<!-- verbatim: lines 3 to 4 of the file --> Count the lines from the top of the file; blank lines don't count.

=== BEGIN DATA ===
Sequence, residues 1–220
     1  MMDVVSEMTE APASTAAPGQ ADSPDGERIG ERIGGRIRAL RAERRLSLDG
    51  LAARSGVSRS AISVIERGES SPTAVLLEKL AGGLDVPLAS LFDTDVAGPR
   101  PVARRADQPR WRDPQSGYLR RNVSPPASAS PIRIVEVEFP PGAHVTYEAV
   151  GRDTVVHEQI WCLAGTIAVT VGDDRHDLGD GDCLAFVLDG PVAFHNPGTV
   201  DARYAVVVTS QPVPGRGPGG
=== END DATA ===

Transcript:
    51  LAARSGVSRS AISVIERGES SPTAVLLEKL AGGLDVPLAS LFDTDVAGPR
   101  PVARRADQPR WRDPQSGYLR RNVSPPASAS PIRIVEVEFP PGAHVTYEAV